4. I’ve thought about doing the two-account thing, but I feel like it’d be too difficult to maintain separate accounts when Facebook is already enough of a distraction as is.

    Justina, your seaweed book sounds fascinating. Not right for me, though 🙂


  5. As a former high school teacher, I swore I’d never get into the social networking thing. And then I had a friend convince me to set up a facebook page. I did nothing with it for at least a year until another friend told me about it. Next thing I know, I’m reconnecting with high school and college friends galore.

    Then I got a friend request from a former student. A former student I absolutely adored, mind you, but a former student nonetheless. I knew if I accepted her request, I’d be opening the door to a lot more and consequently have to be more conservative about what I put out there for everyone to see. (Not that I’d put much objectionable material out there anyhow.) So I accepted her and subsequently many more.

    Because I’d already made a decision to self-censor my facebook page before I became a writer, I have no fears about what a former student, future agent, editor, or reader might see. To be honest, if someone can’t handle my obsession to that addicting Bejeweled game or my frequent status updates about drinking red wine and/or dirty martinis, then they shouldn’t be “friends” with me.

    I treat my facebook page like a postcard. I don’t put anything out there I’d be afraid for everyone to see. Too personal? I’ll send it in a message or to their email.

    As I learn more about the necessity of social networking, blogs and websites for budding authors, I know that it’s my duty to know where I want the line drawn to keep my professional life separate from my personal life. And it’s my duty not to cross that line.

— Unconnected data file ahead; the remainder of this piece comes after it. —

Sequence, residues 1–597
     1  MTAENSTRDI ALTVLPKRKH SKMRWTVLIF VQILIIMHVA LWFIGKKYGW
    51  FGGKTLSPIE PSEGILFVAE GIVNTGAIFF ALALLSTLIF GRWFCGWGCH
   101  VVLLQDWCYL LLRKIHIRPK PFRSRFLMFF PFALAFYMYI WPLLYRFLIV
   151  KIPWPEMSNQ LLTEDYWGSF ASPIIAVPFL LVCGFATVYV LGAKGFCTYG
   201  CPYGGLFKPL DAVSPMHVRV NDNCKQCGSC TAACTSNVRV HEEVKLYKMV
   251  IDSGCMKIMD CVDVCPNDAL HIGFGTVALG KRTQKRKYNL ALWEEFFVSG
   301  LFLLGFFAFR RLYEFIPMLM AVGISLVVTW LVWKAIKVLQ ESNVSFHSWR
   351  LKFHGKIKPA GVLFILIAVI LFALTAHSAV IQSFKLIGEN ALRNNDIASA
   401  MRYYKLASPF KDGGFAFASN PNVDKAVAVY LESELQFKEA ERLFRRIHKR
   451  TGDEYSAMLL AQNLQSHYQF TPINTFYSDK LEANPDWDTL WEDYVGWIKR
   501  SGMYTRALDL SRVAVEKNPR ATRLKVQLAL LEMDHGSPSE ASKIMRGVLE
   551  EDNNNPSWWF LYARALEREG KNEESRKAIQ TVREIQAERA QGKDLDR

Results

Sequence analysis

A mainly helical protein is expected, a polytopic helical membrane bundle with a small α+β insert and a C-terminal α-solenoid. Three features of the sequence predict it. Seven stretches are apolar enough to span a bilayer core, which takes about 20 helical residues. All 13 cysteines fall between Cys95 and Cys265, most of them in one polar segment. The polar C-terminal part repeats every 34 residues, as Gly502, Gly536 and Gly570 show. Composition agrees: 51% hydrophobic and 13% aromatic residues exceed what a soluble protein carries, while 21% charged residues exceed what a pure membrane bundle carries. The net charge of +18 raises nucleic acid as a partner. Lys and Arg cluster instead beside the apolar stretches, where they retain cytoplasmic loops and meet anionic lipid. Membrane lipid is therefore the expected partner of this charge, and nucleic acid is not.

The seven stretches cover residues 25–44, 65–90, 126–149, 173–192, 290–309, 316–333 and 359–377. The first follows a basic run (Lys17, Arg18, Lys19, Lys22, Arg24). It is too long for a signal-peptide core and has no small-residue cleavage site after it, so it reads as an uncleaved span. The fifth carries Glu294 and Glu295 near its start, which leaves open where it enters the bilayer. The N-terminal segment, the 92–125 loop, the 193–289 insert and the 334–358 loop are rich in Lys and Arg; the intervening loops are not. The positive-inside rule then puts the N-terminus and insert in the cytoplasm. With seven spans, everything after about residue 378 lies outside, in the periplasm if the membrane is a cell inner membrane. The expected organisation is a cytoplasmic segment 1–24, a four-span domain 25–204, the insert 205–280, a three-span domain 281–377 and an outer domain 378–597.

As far as embarrassing and potentially career-damaging pictures? None posted. Chances are good that I’ve got enough wine and vodka to bribe those folks to make sure those pictures are never seen. 🙂


  6. I use LJ for my blog because of all the privacy settings. I review books for public viewing and will mention various, fairly non-personal things in public, as well. FB already has too many people that I don’t want knowing my truly personal stuff, so it’s the fluffy place (like the day I mentioned my love of cottage cheese and got tons of comments). Twitter is for shout-outs to books and authors I’m currently reading and loving. It’s pretty much all I discuss there. I like having the different options, and I use my locked entries on LJ to discuss my more personal (and professional) challenges. It’s certainly an interesting world with all the social networking available now!


  7. Great topic.

    I have three different levels of privacy setting on my Facebook account, so that I can reveal more or less to whomever. Of the eight hundred plus “friends” I have on Facebook, I probably am acquainted with five to six hundred of them via work and life and that sad stint I did in Folsom. But of those, the ones I actually count as friends are very few.

    The rest of the people get varying degrees of access to my wall, my information, my pictures, my private dancing, etc.